Mixed anaerobic and aerobic cultures are often present in dog bites.10 Almost ­one-fifth of dog bites become infected, ­especially when the hand is involved.10 The most ­common pathogens in dog and cat bites are Pasteurella spp., isolated in most cat bites and in half of all dog bites.10 Pasteurella canis is most often isolated from dog bites, whereas Pasteurella multocida and Pasteurella septica are more often ­isolated from cat bites.10 This is relevant for treatment, as Pasteurella spp. are generally resistant to many antibiotics used to treat cellulitis, including anti­staphylococcal ­penicillins (such as flucloxacillin), first-­generation cephalosporins and clinda­my­cin.10 However, P. multocida is usually ­susceptible to penicillin, amoxi­cillin, quinolones, doxycy­cline and trimethoprim-sulfamethoxazole.11


Although Capnocytophaga canimorsus is rarely associated with dog bite wounds,10 it can invade the host and cause a fulminant infection, including disseminated intravascular coagulation and septic shock, usually affecting immunocompromised and asplenic patients.6 C. canimorsus has been described as an emerging infection with a case fatality rate of 26% in one recent study.11 Penicillin is the drug of choice, and third-generation cephalosporins and beta- lactamase inhibitor combinations are other options with good activity.

Cat bites

Cat bites are the second most common type of animal bite, responsible for more than 7% of mammalian bites in Victoria, most of which occur in females.2 Although less prevalent, cat bites become infected in up to 80% of cases, with P. multocida isolated in three-quarters of infections.12 One ­proposed mechanism for the very high infection rate is that the sharp teeth of the cat may result in deep tissue puncture and subsequent inoculation of bacteria.12 Patients with P. multocida infection may, therefore, present with deep infection, including tenosynovitis and septic arthritis,12 which may initially be underestimated. In contrast, Pasteurella spp. cellulitis is often characterised by rapid onset of spreading cellulitis (Figure 1), usually within 24 hours of the bite injury.13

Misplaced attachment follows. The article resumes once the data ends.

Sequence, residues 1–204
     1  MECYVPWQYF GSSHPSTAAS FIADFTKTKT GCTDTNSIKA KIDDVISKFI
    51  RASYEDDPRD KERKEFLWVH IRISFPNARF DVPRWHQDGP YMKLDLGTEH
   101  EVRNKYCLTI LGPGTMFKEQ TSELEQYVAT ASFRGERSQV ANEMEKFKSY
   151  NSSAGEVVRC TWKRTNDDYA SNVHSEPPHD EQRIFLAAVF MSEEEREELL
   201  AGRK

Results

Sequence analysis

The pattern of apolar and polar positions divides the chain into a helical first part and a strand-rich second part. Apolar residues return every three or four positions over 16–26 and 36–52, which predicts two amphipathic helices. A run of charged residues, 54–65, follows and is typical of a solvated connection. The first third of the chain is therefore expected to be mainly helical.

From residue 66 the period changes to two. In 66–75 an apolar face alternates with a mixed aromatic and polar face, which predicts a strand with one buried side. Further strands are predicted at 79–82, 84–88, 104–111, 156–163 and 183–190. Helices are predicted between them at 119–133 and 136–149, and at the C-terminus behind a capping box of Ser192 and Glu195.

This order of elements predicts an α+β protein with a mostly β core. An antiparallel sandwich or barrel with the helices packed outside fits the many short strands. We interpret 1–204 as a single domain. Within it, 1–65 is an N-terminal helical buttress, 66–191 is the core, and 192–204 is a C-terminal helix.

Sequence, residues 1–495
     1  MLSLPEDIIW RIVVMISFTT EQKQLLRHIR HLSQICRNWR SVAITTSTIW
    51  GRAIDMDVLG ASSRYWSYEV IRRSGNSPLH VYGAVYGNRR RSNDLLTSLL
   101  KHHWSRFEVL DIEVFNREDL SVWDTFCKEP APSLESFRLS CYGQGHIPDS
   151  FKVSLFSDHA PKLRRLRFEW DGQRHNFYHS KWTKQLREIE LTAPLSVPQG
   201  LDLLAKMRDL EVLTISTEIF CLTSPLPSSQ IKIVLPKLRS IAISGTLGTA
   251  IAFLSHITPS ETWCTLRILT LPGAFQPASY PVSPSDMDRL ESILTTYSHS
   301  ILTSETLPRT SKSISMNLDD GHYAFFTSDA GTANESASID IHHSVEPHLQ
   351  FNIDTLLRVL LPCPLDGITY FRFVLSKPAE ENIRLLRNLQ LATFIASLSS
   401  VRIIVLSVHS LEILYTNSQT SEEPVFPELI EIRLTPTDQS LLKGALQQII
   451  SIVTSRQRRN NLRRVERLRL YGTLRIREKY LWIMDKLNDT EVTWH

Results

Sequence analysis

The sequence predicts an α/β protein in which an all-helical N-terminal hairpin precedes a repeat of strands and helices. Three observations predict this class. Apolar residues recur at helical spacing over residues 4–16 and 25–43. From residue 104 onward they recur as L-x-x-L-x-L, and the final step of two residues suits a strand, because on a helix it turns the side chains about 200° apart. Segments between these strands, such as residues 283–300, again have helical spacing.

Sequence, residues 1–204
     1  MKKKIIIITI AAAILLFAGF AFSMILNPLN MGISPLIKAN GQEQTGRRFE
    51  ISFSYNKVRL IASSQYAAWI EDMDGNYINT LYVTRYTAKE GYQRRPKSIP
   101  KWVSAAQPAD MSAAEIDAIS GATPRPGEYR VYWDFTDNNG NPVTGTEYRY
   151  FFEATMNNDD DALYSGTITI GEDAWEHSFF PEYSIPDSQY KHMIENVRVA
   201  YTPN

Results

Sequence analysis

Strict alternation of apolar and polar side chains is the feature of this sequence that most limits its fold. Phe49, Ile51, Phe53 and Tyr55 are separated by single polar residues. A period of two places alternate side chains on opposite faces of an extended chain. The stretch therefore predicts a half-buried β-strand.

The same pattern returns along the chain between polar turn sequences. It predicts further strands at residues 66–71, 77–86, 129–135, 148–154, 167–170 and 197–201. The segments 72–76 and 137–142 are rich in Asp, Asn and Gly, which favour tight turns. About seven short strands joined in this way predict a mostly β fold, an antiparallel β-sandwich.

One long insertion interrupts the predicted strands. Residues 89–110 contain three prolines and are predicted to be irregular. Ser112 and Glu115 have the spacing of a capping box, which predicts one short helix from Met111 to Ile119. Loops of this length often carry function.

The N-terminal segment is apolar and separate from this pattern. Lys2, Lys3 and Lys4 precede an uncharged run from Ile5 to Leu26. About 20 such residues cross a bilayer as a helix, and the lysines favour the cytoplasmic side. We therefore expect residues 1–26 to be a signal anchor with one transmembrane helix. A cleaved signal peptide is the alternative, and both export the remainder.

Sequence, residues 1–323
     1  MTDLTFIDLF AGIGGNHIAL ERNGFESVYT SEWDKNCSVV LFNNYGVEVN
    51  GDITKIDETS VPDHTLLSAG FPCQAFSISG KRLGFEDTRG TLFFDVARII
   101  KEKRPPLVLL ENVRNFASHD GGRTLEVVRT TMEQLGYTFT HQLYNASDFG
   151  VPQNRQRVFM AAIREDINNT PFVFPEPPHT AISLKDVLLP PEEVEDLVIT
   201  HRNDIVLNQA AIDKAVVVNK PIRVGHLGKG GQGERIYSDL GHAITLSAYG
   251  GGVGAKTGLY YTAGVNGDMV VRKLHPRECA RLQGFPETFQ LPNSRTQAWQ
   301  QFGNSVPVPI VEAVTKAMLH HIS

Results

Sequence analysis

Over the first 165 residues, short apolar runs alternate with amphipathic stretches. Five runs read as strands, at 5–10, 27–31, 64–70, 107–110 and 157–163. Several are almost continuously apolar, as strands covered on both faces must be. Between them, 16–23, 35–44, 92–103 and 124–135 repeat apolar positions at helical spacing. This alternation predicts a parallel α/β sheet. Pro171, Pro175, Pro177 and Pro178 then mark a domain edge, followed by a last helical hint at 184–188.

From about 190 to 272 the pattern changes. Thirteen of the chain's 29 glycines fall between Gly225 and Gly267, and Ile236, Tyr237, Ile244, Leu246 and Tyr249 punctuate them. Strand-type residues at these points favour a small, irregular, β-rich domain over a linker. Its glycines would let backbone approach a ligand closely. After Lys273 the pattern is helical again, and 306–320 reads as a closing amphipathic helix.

Bartonella henselae is a fastidious, Gram-negative bacillus, and the aetiological agent of cat-scratch disease (CSD).14 Although classically associated with cat (and particularly kitten50) scratches, it has been described following cat bites.51 CSD is characterised by the development of a vesicle at the inoculation site, followed by a self-limited regional lymphadeno­pathy about two weeks later that can persist for weeks to several months. Low-grade fever, malaise and myalgia are often reported by affected patients.14 Most cases of CSD are self-limited and do not require antibiotic therapy,14 although a short course of ­azithromycin may be used for severe or unresolving lymphadenitis. Other manifestations include culture-­negative endocarditis, neuroretinitis, pyrexia of unknown origin and bacillary angiomatosis in ­immunocompromised individuals, particularly those with AIDS.52 Specialist referral is required for patients with these complex conditions.


Dr Muhi is an Infectious Diseases Registrar at the Victorian Infectious Diseases Service, Royal Melbourne Hospital. Associate Professor Denholm is Medical Director of the Victorian Tuberculosis Program; Senior Staff Specialist at the Victorian Infectious Diseases Service, Royal Melbourne Hospital; and Principal Research Fellow in the Department of Microbiology and Immunology, University of Melbourne, Melbourne, Vic.